- LMS = Learning Management Systems
- SIS = Student Information System
- LTI = Learning Tools Interoperability
How Might I Give Teachers More Time?
From a non-technical perspective LTI:
- Save student time - they won't need an extra set of id and passwords to remember. Students just click to their activity, reading material, assessment, interactive lab stored in 3rd party content vendors - their credentials are handled automatically.
- Save teacher frustration by removing tedious work of re-entering grades, activities, assessment, or other results into the LMS
- If the LMS is integrated with the SIS, teachers won't have to re-enter gradebook information into the school's SIS. Which is another time saver for teachers.
LTI really answers the question, how might I give teachers more time? More time to focus on students More time for preparation and planning. More time to be a teacher.
What is LTI?
One way of thinking about the LMS is that it is a learning hub. It's where teachers manage classroom experience and delivering course materials. It's a central place that content repositories connect with.
Another way to look at LTI is that it's a mechanism that allows you to add and remove applications to your LMS content app store. LTI allows you to connect to multiple vendors and open resource content. You can visit the following resource to learn more about the LTI standard, from a technical perspective.
How Does LTI Work?
It's a system (LMS) to (3rd party) system integration. A 3rd party system could be a repository, assessment, career planning, content vendor such as Khan Academy, OER Commons, Xello (career planning), WISELearn ( Wisconsin's state-wide K-12 content repository), or other learning services.
As a school or district, you don't have to worry about the mechanics of the implementation. You only need to:
- Make sure your LMS has implemented LTI.
- Makes sure systems and services that deliver content, activities, assessment, etc to your LMS has LTI implemented. Most education vendors that publish content have LTI implemented but it's good to check.
Which version of LTI is appropriate for my school?
If all you need is to allow students to not worry about login and credentials to content providers connected to your LMS, all you need is LTI Core Specification.
When you need more...:
- Grade and assignment reporting to your LMS
- Provisioning roles in the 3rd party service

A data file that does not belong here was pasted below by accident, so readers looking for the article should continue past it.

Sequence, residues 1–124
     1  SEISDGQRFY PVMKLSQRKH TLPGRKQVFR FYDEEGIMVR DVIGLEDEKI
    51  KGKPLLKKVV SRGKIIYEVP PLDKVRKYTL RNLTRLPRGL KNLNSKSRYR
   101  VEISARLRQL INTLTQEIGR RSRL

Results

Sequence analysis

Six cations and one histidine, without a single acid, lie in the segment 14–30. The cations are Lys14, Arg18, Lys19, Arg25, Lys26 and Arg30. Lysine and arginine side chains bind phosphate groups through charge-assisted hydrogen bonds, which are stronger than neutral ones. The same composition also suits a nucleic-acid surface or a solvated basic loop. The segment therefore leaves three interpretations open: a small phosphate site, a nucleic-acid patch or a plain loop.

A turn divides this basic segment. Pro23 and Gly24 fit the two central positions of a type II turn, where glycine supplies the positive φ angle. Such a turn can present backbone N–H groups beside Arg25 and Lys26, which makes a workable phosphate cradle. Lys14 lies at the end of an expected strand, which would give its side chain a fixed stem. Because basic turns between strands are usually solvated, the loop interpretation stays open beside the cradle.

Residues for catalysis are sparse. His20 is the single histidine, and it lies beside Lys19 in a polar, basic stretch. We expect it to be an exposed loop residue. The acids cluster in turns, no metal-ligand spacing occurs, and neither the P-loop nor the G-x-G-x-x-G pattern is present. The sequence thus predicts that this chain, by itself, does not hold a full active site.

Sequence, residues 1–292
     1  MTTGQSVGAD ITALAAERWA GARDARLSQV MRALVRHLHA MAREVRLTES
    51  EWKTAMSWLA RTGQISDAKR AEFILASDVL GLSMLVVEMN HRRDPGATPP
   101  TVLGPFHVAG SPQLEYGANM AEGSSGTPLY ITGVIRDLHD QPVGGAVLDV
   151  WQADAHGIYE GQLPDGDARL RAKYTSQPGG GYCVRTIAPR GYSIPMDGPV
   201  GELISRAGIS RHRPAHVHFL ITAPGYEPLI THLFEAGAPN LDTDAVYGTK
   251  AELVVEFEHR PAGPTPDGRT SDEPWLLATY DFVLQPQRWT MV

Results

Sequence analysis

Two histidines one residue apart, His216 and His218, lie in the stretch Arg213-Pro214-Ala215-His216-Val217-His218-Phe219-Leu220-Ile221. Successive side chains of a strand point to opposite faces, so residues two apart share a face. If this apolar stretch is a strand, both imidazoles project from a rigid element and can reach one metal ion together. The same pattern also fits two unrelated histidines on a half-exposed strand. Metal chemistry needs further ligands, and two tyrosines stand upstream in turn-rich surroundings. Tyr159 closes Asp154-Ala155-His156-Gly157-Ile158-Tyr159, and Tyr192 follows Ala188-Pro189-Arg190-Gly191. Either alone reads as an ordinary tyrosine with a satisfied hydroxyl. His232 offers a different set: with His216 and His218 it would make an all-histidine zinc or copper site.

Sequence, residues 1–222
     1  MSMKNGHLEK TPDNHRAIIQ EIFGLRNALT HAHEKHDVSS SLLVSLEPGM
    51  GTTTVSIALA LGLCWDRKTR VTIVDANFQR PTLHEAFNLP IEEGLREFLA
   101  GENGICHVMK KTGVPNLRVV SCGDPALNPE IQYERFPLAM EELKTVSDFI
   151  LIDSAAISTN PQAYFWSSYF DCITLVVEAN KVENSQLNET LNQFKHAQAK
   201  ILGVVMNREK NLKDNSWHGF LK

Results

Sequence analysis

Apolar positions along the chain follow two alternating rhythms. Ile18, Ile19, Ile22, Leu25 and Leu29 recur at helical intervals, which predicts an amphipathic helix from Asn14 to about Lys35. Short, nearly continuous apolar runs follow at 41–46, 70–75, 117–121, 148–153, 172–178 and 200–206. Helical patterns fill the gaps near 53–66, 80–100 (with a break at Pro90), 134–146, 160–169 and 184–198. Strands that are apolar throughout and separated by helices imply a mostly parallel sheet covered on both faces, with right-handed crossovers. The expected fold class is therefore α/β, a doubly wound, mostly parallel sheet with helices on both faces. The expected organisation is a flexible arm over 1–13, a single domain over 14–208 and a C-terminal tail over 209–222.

- Linking to a specific portion of a resource or module
LTI Advantage Specifications or LTI Extensions might suit your needs better.
Remember that both systems, the consuming system (LMS) and your 3rd part content provider must implement the same specification or extensions of LTI.
For more information about LTI versions and extensions visit the LTI page at IMS Global.
Where Do I Look to See Whether an Educational Software or Service is LTI Certified?
IMS Global has a searchable page. You can see what version of a standard a platform has implemented.
IMS Global is a standards body for open technical standards or specifications for educational software and systems.
LTI Integration With WISELearn
WISELearn is a state-wide K-12 open resource repository. It's a place where teachers in Wisconsin create resources to share with other teachers. Teachers may also create open resources that can be used in their own classroom.
Resources can be professional development or student-facing items such as activities, lessons, courses, ebook, or other general education resources.
WISELearn can also be a teacher's repository that can be available to the school's LMS. For example a science teacher can create resources in WISELearn to be used in her science class. Other science teachers may discover these resources use and decide to use it as is or create a new modified version that suits his specific class need. Storing education on a dedicate repository means that lessons can be shared with multiple LMS. It's not trapped inside a single LMS.
How Would an LMS Integrate With WISELearn?
The WISELearn platform already has LTI implemented. Major LMSs have already implemented LTI. So both platforms can talk to each other.
WISELearn is a publishing platform, in LTI it's called a tool provider. In this example an LMS is a consumer of content.
WISELearn administrator would need to make a key and secret available to an LMS administrator. It's like getting a key to a content publishing platform. The LMS administrator would enter the key and secret into their LTI user interface. Now the LMS is connected to a content provider (WISELearn).
This is the basic gist of integration.
Now teachers on the consuming LMS can search and add educational resources for their students to use. Students won't need an extra ID or password to remember when they click on added activities and resources that reside on WISELearn. Students interact with the resource without realizing that they were logged in automatically. The teacher would log into WISELearn in order to search and add resources, but it would be a screen within the LMS. The teacher didn't have to open a separate browser or open a separate application. The teacher is on one tool and so is the student.